Born into a family of musicians from Amsterdam, Jeroen Reuling began his cello studies with Jean Decroos. He went on to study with André Navarra at the Staatliche Hochschule für Musik in Detmold, Germany, and soon became his assistant. In 1981, Reuling passed the Konzertexamen and completed his studies with Pierre Fournier in Geneva.
Following his debut at the Concertgebouw with the Amsterdam Philharmonic Orchestra, Reuling appeared regularly with other Dutch orchestras, under the direction of such conductors as Vernon Handley, Yehudi Menuhin, and Roberto Benzi. He made numerous recordings for radio and television, and in 1983 received the ‘Audience Award’ from the Sonesta Koepelzaal in Amsterdam. Reuling performed throughout Europe, and in Asia, where he made his Hong Kong debut in 1985 with the Dvorak Cello Concerto.
From 1983 to 2004, Jeroen Reuling was principal cellist with the Arnhem Philharmonic Orchestra, and now divides his passion for the cello between teaching and chamber music. He is Professor of Cello at the Royal Conservatoire of Brussels and the ARTEZ Institute of the Arts in the Netherlands. From october 2011 he is professor at the Queen Elisabeth Music Chapel.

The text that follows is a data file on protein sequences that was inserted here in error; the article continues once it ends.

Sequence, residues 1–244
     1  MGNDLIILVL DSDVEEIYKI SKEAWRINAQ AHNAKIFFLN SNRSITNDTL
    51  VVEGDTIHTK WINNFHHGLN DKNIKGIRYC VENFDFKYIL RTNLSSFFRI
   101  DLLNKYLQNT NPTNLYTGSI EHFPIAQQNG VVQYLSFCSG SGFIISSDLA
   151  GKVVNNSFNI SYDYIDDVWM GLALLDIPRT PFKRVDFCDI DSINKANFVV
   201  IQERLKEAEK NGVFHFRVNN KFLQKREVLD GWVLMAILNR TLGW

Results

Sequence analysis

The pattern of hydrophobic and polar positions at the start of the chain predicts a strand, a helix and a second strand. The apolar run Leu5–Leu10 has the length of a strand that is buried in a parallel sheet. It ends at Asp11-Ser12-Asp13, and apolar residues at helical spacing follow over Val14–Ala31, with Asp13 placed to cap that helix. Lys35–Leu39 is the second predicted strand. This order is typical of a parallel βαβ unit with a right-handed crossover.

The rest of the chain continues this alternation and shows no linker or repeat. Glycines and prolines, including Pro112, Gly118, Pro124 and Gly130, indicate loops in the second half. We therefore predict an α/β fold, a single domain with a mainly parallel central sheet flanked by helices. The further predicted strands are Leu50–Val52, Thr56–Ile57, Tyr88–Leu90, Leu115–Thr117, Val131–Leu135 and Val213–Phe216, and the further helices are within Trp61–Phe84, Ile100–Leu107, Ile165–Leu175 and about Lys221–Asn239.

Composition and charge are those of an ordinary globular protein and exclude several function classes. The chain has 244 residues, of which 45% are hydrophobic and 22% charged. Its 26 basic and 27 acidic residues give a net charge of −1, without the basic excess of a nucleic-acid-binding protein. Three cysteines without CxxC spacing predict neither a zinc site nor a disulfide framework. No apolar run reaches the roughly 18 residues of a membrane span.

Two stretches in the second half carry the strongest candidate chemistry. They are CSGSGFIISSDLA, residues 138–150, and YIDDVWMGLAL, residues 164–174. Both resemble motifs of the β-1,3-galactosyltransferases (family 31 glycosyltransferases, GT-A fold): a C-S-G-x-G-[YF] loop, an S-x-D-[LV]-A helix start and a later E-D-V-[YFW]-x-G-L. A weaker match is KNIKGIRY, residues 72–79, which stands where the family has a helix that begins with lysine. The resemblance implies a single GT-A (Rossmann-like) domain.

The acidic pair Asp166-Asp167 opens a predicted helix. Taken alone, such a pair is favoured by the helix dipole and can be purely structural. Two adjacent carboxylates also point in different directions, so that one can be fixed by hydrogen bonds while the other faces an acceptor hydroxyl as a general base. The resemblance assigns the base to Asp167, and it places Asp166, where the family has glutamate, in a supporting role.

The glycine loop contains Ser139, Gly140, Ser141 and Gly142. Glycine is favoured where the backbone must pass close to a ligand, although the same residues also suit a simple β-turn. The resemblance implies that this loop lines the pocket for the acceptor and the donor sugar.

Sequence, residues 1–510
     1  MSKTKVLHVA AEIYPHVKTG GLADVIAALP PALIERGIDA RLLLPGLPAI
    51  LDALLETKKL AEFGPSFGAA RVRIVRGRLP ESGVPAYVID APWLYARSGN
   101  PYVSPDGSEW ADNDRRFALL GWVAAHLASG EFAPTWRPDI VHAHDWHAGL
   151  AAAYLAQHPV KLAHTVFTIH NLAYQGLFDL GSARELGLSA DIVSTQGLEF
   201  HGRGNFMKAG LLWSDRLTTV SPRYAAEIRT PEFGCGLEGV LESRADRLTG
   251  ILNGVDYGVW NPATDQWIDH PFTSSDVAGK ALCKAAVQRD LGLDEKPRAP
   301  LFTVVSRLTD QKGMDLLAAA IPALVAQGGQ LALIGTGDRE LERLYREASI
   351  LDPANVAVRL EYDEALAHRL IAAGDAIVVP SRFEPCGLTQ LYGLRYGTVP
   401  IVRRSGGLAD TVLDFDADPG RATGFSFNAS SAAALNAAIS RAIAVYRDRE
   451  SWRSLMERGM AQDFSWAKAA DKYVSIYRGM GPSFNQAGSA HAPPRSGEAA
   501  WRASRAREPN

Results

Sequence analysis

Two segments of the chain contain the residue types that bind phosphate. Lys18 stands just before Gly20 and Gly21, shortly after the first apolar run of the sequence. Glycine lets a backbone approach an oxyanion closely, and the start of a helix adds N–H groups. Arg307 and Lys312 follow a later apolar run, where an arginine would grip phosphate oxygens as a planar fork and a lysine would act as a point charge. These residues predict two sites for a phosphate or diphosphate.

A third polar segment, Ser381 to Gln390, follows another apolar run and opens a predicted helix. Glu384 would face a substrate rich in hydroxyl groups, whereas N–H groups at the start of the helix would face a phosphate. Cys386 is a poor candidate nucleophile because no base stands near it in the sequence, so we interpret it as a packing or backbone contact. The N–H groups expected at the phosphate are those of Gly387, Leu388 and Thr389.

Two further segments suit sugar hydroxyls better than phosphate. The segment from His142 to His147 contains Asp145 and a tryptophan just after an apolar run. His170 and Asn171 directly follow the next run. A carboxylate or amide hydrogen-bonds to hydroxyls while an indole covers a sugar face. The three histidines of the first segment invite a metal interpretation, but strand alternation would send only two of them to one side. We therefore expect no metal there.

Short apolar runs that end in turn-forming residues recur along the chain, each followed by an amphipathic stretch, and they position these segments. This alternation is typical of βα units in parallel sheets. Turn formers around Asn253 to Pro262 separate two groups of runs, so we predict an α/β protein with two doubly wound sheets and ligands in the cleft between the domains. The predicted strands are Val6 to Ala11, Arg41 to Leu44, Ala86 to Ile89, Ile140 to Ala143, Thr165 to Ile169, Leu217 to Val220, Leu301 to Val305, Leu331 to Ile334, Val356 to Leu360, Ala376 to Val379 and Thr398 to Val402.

In 2005, he received the Price "Madame de La Hault" of the patrimony of the Royal Conservatory of Brussels for his excellent teaching.
He has held masterclasses all over the world, including Arezzo, Florence, Dublin, Budapest,Courchevel, Leuven, Dordrecht (Cello Festival), Lodz, Morges (Switzerland), Geneva, Oslo, Portugal, South Korea, Morrocco, and at the University of North Carolina at Chapel Hill. Jeroen Reuling gives annual masterclasses and concerts at the Rencontres Musicales Internationales in Enghien(Belgium) and Académie de Musique Tibor Varga à Sion.
He is Artistic Director of the Schiermonnikoog International Chamber Music Festival in the Netherlands, and is frequently invited to participate in various chamber music projects. Jeroen Reuling has made recordings for Naxos, Ottavio, and Cobra.
He plays an Italian cello attributed to Antonio Gagliano, Napoli 1757